Japan Apple Pay launch marred by apparent system overload

Posted:
in iPhone edited October 2016
Less than one day after launch and Apple Pay is already facing difficulties in Japan. A number of Japanese users on Tuesday complained of issues with Suica transit cards, a major regional benefit for the payments solution, while Apple itself reported ongoing problems lasting more than five hours.




Both Apple and JR East, which markets and maintains the Suica mobile transit card system, earlier today noted Apple Pay-related system failures on their respective websites, reports local blog Ata Distance.

According to Apple's system status webpage, "some users" have been impacted by undisclosed system complications starting at around 9:20 a.m. and are ongoing as of this writing, a span of more than five hours. A separate report from NHK, however, cites JR East as saying mobile Suica issues surfaced at around 7:30 a.m., a peak hour for commuters in Tokyo and its surrounding environs.

Specifically, customers using Apple Pay's Suica capabilities are unable to recharge transit card funds, potentially leaving them stuck at the gate if their balance is below fare. Problems also extend to purchasing, as users are currently unable to buy express tickets via the Mobile Suica system.

It appears Apple Pay integration is to blame for Suica's woes, as Suica IC cards remained fully functional during the outage, JR East says. The cause of today's downtime is unclear, though the timing suggests Apple's iCloud backend was unable to keep pace with the region's daily onslaught of rail commuters.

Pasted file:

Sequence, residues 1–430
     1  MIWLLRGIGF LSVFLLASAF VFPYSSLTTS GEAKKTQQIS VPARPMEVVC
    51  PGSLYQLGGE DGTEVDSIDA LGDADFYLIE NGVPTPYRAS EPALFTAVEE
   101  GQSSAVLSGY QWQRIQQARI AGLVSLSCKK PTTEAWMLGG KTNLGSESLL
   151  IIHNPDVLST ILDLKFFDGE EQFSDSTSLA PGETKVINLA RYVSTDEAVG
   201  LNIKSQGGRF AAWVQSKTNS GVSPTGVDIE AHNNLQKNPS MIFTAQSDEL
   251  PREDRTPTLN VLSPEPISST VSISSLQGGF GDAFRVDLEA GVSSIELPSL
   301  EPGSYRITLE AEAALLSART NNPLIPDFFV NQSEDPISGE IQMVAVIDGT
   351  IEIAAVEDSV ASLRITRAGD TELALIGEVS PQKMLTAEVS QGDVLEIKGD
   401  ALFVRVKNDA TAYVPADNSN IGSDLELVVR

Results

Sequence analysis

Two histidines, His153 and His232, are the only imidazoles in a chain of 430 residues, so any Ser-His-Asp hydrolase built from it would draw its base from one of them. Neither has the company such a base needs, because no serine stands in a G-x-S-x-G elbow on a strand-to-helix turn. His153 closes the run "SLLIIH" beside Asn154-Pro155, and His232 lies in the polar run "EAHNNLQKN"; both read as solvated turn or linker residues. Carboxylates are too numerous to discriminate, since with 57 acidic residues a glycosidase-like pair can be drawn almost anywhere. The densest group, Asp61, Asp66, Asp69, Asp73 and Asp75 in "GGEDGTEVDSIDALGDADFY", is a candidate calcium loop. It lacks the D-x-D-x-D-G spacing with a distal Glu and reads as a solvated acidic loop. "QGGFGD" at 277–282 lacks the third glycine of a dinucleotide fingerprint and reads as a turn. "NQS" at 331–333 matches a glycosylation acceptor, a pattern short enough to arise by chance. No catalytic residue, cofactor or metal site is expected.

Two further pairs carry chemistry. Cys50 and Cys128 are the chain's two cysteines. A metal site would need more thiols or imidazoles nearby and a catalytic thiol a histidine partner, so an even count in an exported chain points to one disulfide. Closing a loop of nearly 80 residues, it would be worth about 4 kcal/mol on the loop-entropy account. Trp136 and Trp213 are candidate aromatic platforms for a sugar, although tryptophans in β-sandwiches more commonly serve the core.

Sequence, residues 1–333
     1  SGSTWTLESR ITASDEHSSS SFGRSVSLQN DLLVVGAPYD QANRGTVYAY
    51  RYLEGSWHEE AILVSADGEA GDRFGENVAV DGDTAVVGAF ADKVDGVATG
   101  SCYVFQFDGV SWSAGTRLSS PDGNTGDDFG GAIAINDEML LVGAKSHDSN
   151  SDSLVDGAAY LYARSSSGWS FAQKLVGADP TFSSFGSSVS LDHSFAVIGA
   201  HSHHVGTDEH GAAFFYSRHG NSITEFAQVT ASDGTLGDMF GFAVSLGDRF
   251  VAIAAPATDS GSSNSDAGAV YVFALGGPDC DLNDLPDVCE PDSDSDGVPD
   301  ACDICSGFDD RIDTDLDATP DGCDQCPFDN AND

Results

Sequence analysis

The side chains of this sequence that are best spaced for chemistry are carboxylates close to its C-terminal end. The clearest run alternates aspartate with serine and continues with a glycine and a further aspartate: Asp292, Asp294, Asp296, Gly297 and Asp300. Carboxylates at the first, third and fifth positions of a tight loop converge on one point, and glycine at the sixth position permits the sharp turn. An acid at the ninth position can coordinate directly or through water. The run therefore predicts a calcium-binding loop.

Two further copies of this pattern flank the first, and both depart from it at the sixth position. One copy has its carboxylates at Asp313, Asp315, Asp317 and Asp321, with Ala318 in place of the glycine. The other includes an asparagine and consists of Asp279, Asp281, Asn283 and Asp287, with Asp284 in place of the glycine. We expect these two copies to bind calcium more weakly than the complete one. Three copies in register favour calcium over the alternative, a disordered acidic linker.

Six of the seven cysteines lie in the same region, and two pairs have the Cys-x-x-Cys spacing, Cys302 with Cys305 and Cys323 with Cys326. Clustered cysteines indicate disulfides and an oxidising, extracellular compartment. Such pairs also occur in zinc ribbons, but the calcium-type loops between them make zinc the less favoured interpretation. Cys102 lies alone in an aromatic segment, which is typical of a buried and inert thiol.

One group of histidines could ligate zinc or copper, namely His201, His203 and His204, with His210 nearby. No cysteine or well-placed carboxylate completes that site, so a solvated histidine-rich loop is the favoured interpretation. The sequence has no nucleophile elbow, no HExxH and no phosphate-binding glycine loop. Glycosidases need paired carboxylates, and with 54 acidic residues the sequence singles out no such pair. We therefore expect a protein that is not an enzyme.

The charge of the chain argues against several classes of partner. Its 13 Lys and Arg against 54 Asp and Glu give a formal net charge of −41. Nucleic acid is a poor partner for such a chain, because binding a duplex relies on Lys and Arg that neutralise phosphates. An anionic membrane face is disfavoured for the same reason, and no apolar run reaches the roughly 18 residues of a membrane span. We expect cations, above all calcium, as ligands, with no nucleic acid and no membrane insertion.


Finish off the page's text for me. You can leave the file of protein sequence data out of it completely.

Apple Pay debuted for the Japanese market with the release of iOS 10.1 on Monday. Alongside traditional NFC protocols, all iPhone 7, iPhone 7 Plus and Apple Watch Series 2 models sold in Japan support FeliCa Type-F NFC contactless technology, with initial support extending to Suica and tap-to-pay solutions from Docomo and QUICPay.

Comments

  • Reply 1 of 13
    Startup problems. 
    watto_cobrajbdragonlostkiwi
  • Reply 2 of 13
    As Billy Joel says,
      "Get it right the first time, that's the main thing.
        Get it right the next time, that's not the same thing."

    This will pass... but first impressions are important.
    boredumblostkiwi
  • Reply 3 of 13
    Not saying the new system shouldn't have worked properly, but Japan does itself a disservice with so many uniquely national standards and systems. 
    watto_cobra
  • Reply 4 of 13
    JR is hardly a bastion of reliability...
  • Reply 5 of 13
    The good news is that they will be able to take this experience and turn it into a killer Godzilla movie.
    lostkiwi
  • Reply 6 of 13
    boredumbboredumb Posts: 1,416member
    badmonk said:
    The good news is that they will be able to take this experience and turn it into a killer Godzilla movie.